In conclusion we find that as believers in Christ, we must focus on the main thing. There is too much work to be done for the kingdom of God for us to be arguing over things that in the end will not even matter. May we all work hard to accept one another just as Christ has accepted us.


[1] The Holy Bible: King James Version. (2009). (Electronic Edition of the 1900 Authorized Version., Ro 14:1–5). Bellingham, WA: Logos Research Systems, Inc.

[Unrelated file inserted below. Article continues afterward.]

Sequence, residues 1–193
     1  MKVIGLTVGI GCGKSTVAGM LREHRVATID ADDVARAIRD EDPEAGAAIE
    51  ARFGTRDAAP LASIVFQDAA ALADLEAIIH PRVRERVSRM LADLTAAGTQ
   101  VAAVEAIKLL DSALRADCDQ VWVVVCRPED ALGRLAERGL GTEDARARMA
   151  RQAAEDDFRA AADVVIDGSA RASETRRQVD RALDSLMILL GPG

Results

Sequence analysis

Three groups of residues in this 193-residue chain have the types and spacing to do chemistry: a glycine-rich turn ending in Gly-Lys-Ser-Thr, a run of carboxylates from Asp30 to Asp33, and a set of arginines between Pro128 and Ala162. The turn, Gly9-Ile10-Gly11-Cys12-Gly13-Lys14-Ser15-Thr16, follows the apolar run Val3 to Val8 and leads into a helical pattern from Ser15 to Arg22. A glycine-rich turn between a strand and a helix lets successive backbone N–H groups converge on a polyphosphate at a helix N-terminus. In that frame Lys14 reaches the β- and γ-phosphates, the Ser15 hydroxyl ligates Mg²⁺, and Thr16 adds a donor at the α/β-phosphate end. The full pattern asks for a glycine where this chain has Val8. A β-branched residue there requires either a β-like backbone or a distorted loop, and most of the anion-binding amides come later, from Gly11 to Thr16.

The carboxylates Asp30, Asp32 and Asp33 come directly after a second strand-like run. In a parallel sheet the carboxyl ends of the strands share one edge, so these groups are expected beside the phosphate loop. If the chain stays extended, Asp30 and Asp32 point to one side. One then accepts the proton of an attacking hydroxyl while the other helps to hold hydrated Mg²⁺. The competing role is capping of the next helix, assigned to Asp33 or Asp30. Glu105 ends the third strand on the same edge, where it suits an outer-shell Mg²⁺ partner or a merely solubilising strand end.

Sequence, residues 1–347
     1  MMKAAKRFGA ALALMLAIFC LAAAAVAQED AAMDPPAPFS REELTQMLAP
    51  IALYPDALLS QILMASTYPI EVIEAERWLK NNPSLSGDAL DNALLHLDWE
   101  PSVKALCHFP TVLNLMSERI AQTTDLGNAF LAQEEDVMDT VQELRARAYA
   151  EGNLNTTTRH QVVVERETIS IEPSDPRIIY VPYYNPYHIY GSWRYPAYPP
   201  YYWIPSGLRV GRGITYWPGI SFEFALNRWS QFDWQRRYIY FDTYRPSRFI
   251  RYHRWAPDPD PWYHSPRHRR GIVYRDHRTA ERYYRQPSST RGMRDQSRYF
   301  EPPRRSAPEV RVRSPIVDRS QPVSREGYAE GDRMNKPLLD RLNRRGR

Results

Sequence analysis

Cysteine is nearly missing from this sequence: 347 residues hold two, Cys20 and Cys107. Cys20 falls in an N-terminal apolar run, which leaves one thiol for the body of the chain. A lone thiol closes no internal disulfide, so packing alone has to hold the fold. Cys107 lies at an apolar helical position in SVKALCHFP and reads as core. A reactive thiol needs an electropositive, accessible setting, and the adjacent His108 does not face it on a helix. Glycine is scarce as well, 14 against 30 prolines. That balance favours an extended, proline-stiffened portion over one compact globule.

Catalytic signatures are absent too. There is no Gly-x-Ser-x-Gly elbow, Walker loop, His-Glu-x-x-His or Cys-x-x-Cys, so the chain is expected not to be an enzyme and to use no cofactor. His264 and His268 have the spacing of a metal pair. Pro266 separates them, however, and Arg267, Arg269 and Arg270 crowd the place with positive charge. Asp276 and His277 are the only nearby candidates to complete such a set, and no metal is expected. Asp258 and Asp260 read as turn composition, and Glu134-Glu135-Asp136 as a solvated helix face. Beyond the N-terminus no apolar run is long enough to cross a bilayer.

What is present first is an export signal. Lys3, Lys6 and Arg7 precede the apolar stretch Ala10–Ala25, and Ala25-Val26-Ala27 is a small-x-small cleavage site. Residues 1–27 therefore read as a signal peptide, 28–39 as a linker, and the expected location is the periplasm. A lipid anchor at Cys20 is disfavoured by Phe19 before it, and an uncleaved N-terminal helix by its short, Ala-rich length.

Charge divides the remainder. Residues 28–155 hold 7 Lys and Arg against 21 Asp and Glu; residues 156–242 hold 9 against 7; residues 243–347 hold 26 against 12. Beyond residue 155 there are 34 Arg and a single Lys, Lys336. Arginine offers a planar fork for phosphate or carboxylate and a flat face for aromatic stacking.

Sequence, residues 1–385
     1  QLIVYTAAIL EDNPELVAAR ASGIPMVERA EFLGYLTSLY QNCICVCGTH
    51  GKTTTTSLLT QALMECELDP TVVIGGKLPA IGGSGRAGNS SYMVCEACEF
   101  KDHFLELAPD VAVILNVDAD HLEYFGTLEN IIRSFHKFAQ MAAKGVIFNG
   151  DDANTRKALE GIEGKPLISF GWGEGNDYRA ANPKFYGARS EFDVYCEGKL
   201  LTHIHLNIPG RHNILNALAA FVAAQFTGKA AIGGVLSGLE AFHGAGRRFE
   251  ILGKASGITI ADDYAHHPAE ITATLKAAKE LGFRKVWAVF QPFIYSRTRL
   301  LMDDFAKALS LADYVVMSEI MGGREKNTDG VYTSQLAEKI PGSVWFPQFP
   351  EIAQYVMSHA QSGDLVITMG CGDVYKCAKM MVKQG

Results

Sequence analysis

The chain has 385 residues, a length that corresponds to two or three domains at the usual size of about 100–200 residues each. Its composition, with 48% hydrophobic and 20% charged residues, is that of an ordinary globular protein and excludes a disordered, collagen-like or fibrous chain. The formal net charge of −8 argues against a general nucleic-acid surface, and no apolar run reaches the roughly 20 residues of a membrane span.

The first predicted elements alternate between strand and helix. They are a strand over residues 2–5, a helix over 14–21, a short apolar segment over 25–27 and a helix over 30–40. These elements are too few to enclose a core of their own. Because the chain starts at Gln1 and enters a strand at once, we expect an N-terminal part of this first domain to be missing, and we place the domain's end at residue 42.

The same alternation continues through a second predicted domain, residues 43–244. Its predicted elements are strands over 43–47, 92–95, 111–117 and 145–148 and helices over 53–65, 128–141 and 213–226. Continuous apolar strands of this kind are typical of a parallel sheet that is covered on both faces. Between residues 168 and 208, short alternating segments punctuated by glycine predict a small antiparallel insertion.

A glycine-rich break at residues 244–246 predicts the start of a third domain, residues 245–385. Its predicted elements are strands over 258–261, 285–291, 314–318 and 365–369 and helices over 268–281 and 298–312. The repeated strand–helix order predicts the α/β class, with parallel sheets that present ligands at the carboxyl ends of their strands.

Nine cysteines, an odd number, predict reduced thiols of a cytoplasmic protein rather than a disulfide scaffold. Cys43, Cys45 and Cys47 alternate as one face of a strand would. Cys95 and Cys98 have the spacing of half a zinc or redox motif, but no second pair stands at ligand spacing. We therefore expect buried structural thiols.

[2] The Holy Bible: King James Version. (2009). (Electronic Edition of the 1900 Authorized Version., Ro 14:6–12). Bellingham, WA: Logos Research Systems, Inc.

[3] Mounce, R. H. (1995). Romans (Vol. 27, p. 255). Nashville: Broadman & Holman Publishers.

[4] The Holy Bible: King James Version. (2009). (Electronic Edition of the 1900 Authorized Version., Ro 14:13–23). Bellingham, WA: Logos Research Systems, Inc.

[5] The Holy Bible: King James Version. (2009). (Electronic Edition of the 1900 Authorized Version., Ro 15:1–6). Bellingham, WA: Logos Research Systems, Inc.

[6] The Holy Bible: King James Version. (2009). (Electronic Edition of the 1900 Authorized Version., Ro 15:7–13). Bellingham, WA: Logos Research Systems, Inc.